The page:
My first impulse was to say, "No, I'm not doing NaNoWriMo." Many first impulses are the ones to go with. I gave in to a slightly stronger, secondary impulse, which is to say yes to the challenges that arise. The tar is warm and sticky. I won't starve while I sink, there are plenty of dead bodies around to gnaw on.

Tuesday, November 24, 2009

The Elegance of the Hedgehog, Muriel Barbery

Coincidence sometimes puts books in my hands that I would not read otherwise. The Elegance of the Hedgehog by Muriel Barbery came to me that way. When visiting in NYC, Ellen said she had read and liked this book -- she doesn't proclaim it, but I think she's a covert Francophile. The next day at my favorite thrift shop I found it on the shelf. I would not have purchased a book with an adolescent on the cover because it suggests to me that it's going to be a coming of age story in the insipid way I detest, "They say to write what you know and I'm only 20 and all I know is the pain of growing up." No, not at all, this is told by a very grown up and well educated writer although the two women in it are stuck, like adolescents critical of everything their parents do, in their too aware and painfully sharp disgust with the bourgeoisie who inhabit the elegant apartment building where Renee is the concierge and Paloma a sulky 12 year old rich kid.

Renee works hard to be the stereotypical concierge, all but invisible to the building's denizens, except to Manuela, a Portuguese cleaning woman. Most of the story is told in Renee's mind, portions, in different type face, are notes toward a philosophical view of life by Paloma who has decided on suicide on her 13th birthday to escape the pretentiousness she's afraid will be her fate. I had difficulty getting involved with both characters for the first third of the book but was pulled along by Barbery's writing which seemed very "French" and, indeed, elegant as the two philosophized and said senseless things such as that hedgehogs are elegant. Eventually both are befriended by an wealthy Japanese who moves into the building and their protective judgmental attitudes are striped away.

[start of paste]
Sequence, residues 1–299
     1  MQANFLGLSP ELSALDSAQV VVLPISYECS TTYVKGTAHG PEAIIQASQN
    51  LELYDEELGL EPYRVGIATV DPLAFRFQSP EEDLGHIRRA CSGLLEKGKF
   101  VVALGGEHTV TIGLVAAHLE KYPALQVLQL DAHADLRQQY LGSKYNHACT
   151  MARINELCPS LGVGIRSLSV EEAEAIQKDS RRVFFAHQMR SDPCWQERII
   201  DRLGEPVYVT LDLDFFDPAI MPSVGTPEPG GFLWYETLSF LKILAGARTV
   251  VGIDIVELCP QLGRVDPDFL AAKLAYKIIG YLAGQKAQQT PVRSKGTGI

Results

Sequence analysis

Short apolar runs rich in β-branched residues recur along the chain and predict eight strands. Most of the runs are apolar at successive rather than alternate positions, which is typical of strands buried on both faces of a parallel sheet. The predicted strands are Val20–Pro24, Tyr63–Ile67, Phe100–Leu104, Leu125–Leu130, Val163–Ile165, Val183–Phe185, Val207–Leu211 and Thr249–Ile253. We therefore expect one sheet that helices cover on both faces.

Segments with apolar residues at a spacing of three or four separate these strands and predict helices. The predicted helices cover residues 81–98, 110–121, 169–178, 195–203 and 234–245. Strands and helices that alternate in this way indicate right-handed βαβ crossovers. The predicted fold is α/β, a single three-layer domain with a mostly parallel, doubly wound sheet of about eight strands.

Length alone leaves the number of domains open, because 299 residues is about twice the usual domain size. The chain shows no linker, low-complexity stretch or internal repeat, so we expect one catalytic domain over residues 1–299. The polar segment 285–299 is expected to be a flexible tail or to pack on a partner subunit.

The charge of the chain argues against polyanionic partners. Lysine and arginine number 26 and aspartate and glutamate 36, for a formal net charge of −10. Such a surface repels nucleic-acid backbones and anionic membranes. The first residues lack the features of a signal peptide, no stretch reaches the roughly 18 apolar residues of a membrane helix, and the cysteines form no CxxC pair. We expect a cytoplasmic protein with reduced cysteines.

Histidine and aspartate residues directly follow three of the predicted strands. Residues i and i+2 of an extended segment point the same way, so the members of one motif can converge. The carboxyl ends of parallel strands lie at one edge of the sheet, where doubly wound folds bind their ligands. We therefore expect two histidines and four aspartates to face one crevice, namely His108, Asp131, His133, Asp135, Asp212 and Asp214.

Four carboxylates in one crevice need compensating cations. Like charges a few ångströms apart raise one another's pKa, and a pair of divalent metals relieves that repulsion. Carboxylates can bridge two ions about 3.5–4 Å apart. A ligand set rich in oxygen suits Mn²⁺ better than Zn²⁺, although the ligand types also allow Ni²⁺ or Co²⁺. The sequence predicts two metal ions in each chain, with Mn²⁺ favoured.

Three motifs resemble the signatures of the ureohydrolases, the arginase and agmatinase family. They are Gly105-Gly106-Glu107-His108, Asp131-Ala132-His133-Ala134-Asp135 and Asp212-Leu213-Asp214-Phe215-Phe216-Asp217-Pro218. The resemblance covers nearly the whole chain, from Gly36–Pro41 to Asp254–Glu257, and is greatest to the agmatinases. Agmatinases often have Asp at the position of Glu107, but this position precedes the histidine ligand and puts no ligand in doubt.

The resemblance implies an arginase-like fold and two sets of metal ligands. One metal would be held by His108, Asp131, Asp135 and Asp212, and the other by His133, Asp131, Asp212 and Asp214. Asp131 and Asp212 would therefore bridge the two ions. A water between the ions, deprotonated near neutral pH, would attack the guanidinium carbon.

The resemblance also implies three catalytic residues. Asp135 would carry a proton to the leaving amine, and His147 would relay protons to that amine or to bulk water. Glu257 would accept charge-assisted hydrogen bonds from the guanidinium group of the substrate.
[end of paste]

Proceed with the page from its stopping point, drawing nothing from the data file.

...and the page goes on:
It was a double Cinderella story with a twist to the happily ever after ending as if nothing of equal importance could be told after the sooty clothes are shed, in that sense I was disappointed. Growing up is difficult whether you're 12 or 54, but living as a true adult is even more difficult. Not enough books attempt to show how it's done.

Monday, November 23, 2009

Thsi Baby Aint Gone Yet


This is one of two geraniums that were Mother's Day presents and have ever since been hanging at the sides of my postage stamp patio. That is to say, they are almost exactly six months old -- at this location, never mind their starts back in some greenhouse. The leaves, as you can see, are turning red in homage to autumn but the flowers are still pretty perky and there are some buds that might yet open.

I feel both kindness toward and kinship with these geraniums, surely septagenarians in their species. They have not had a soft cushy life, certainly not in the past couple of months as the temperatures drop into the forties and even upper thirties at night. But we have had many very beautiful days in the last week and my geraniums respond with vigor and zest. I take them, for now at least, as totems to my new abode and new life in this very different place than I have lived previously. They were gifts from my daughter and I couldn't have had a better Mother's day gift. Someday snow will fall on them and they will die a natural death -- I am not a gardener who wishes to bring them in and force them to endure a protracted dotage. This is not a covert comment about my own feelings about life's final stages for myself. I'll deal with that when it comes as, of course, is bound to happen. For now I'm feeling at least as vigorous as these flowers and hoping to sprout a few new blooms of my own -- after all, as I've noted in these posts, I'm well into a novel once given up but now taking on new life. It is not an accident, this time around, that two of the characters are octogenarians.